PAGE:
Hi,i am running a state machine. Simulation shows everything is OK. Real life implementation is showing otherwise. I keep track of the states using on board LEDS showing the current FSM state. The problem is that at a certain point (couldn't figure out if there is a specific sequence except that its not from the WAIT STATE), the FSM transfer to the INIT STATE and gets stuck there until i do a POWER reset, which is weird by itself because there is no such transition possible, as i made sure that the reset_L signal is not LOW. and gets stuck at that state, even though that even if such a transfer should happen, an immediate transfer to WAIT state should happen but doesn't. I cant find the reason and the solution, please help... THE CODE IS ATTACHED
Seems pretty obvious that reset is being asserted somehow. I would focus on that. And don't just look at the external reset signal. Feed the internal rst_L_sys signal out to a test point and look at it.Is it possible that the FPGA configuration is being cleared, possibly due to a POR reset? Depending upon how your LEDs are being driven you may not be able to tell the difference between the SM sitting in the INIT state vs. the FPGA not configured.
--- Quote Start --- Seems pretty obvious that reset is being asserted somehow. I would focus on that. And don't just look at the external reset signal. Feed the internal rst_L_sys signal out to a test point and look at it. Is it possible that the FPGA configuration is being cleared, possibly due to a POR reset? Depending upon how your LEDs are being driven you may not be able to tell the difference between the SM sitting in the INIT state vs. the FPGA not configured. --- Quote End --- Its not an external reset, which is suppose to come from my microcontroller, , i made sure of that. I dont think its a POR bacause i am outputting another led, a test led that is blinking at the rate of the arbiter that you can find in the file i uploaded, the first always block... So the FPGA is "alive" and keeps working, but the state machine, for whatever reason, is being thrown to INIT, and latches there.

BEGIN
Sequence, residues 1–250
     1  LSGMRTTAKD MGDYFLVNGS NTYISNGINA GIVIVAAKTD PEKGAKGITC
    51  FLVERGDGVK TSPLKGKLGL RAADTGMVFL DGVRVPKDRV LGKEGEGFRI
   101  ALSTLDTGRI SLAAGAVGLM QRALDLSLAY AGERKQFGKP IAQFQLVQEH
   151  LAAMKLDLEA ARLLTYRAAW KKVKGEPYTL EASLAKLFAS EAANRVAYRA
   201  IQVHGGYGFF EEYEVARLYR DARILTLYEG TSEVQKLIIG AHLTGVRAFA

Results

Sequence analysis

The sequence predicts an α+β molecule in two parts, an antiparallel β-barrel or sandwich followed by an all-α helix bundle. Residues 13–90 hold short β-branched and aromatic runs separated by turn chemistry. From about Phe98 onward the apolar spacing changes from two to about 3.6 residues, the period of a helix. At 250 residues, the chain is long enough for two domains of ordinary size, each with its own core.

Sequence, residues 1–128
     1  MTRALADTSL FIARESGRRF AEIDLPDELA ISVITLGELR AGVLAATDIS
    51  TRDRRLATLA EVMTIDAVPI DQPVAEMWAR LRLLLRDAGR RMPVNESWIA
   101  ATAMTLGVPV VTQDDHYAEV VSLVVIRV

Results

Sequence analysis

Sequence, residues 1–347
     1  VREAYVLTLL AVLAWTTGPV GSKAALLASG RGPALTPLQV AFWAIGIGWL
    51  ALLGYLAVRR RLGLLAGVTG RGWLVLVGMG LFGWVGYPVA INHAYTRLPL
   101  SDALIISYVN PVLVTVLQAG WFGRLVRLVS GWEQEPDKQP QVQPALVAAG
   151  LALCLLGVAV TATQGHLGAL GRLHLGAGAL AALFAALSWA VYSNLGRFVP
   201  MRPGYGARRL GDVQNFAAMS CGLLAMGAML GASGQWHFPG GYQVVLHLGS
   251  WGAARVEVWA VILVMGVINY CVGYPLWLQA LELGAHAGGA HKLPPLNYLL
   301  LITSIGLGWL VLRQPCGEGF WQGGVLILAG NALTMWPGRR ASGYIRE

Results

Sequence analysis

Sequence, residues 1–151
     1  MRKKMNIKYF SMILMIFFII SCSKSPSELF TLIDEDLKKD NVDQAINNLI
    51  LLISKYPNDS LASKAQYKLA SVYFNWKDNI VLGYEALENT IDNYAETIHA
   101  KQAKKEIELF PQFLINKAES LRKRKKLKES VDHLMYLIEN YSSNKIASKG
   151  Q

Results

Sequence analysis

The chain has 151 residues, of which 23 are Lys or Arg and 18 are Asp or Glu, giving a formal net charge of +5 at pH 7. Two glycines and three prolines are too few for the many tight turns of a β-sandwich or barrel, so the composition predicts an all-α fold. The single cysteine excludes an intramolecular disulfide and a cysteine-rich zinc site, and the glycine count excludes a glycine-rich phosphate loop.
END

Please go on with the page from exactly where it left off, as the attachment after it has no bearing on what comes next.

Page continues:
So when your state machine transitions to the INIT state when you get stuck, what is the immediate prior sequence of state(s). IE, where does it come from?Your INIT state is encoded as state '0', so if your code loads the state register, or clears the state register, you will get to state INIT. Do you have a simulation test bench that you are using to validate your design prior to loading into the FPGA? If you don't, you should. Write one right now. I NEVER load a design into hardware without validating it first in a testbench. You can spend hours and hours debugging in hardware what is obvious from a testbench failure.
I do have a testbanch and i did run a simulation.Didn't see this behavior... Though i didn't spend a lot of time to simulate every possible situation.. My system is driven by en external trigger. At the moment i still havent found a specific sequence that leads to the latch, though i know 3 things for sure: 1. The system can stay forever at WAIT state. No problem there. 2. The system can work great for a couple of sequence and then gets stuck, or gets stuck imidiatly at the first trigger. 3. When in INIT state, the FPGA keeps working, beside the state machine... Really strange... I am open to any sugestion, really anything